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Figure 2: CT scan image demonstrating LVOT calcification, which is a risk factor for LVOT rupture during TAVI valve implantation

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Relevant technical considerations: If the degree of calcification is too less, then one would be safer to consider a self-expanding, retrievable, and repositionable system that offers more safety. With fully retrievable systems such as Evolut R (Medtronic, USA) or Portico (Abbott Medical, USA), or Venus A Plus (Venus Medtech, China), one has the ability to recognize any instability or valve migration during deployment and correct them by retrieving and repositioning the valve. This is not possible with balloon-expandable systems. Significant LVOT calcification should prompt avoidance of balloon-expandable systems. Excessive calcification should also raise the option of turning down the patient for TAVI.

  Aortic Valve Type Top

TAVI was originally studied and evidenced in tricuspid aortic valve stenosis. But it is not uncommon to see bicuspid aortic valve stenosis, especially in Asia and in younger patients [Figure 3] and [Figure 4]. In tricuspid valves, the landing or anchoring predominantly occurs at the true annulus level in addition to some anchoring from the leaflets. However, in bicuspid aortic valves, a significant proportion of anchoring occurs at the leaflet level, predominantly at the leaflet tips. The annulus is often elliptical rather than near circular, which is an important observation to make. Given the heterogeneous nature of bicuspid valves with varying types of cusp fusion, heavy calcification, and asymmetrical valve annulus and orifice, one has to aware of significant problems with TAVI valve expansion in these anatomies. This leads to increase in complications such as inadequate valve expansion leading to valvular AR from the implanted TAVR valve and paravalvular AR in addition to increased risk of device embolization or migration. Attention to valve type is crucial to predict and plan procedural outcomes.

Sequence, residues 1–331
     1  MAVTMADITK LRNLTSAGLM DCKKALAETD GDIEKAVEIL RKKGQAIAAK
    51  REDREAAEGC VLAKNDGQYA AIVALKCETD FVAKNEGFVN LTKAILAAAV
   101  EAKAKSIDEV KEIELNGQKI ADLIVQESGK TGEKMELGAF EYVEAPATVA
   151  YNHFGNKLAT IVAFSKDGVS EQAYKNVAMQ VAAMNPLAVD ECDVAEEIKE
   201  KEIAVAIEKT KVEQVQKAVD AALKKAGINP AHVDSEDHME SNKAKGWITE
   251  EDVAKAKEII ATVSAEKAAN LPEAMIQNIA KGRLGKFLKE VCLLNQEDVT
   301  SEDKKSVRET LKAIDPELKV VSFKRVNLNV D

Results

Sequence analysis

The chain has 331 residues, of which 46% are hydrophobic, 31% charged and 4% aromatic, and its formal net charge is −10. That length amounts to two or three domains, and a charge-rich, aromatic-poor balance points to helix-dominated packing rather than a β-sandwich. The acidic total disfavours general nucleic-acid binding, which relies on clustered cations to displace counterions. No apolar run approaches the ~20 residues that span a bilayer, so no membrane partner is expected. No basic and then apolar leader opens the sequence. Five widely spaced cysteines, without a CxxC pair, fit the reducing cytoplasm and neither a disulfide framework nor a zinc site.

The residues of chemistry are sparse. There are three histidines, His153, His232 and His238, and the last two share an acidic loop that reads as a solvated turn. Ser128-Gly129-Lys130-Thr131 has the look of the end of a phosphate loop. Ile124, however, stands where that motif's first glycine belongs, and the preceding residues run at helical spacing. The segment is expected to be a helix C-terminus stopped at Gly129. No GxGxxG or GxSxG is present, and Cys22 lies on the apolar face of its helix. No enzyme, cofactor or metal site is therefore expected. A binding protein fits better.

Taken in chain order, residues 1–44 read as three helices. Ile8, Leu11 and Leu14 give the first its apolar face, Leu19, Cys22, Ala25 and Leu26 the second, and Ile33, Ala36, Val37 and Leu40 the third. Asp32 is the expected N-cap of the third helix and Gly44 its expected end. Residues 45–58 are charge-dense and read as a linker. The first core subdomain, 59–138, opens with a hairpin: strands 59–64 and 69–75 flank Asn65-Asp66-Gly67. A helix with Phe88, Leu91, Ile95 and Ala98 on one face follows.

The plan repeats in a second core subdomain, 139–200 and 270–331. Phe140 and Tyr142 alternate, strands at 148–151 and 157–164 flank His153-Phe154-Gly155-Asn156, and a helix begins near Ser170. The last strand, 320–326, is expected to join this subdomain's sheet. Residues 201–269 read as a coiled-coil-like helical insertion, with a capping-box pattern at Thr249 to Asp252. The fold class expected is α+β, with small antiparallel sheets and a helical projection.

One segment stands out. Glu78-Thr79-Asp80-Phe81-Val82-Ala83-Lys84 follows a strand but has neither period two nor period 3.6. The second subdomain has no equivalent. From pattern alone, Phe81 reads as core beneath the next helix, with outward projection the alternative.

Figure 3: Demonstration of bicuspid aortic valve as seen on the aortic valve short axis on CT imaging

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Figure 4: Demonstration of bicuspid aortic valve as seen on the aortic valve long axis on CT scan

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Relevant technical considerations: On the basis of the morphology of the bicuspid aortic valve, one has to modify the choice of TAVI valve size. Both balloon-expandable valves and self-expanding valves may be used for bicuspid valves. It is often necessary to undersize and not oversize, as one would do with traditional trileaflet aortic valves. This is because conventional sizing is based on the annulus diameter. Knowing that significant anchoring in these anatomies is at the leaflet level, one may have to undersize and not oversize based on the expected native leaflet orifice area. In addition to these changes in valve sizing, valve positioning during implantation may have to be slightly higher than in conventional trileaflet valve positioning. Bicuspid valves often require balloon pre-dilatation with simultaneous contrast injection, which not only dilates the native valve but also gives some indication on the valve size needed and how the implanted valve is likely to behave. One has to also be prepared for post-dilatation of the TAVI valve if the expansion is not adequate. The success is largely down to pre-procedural imaging assessment in bicuspid valves and demands a lot of procedural expertise.

  Coronaries Top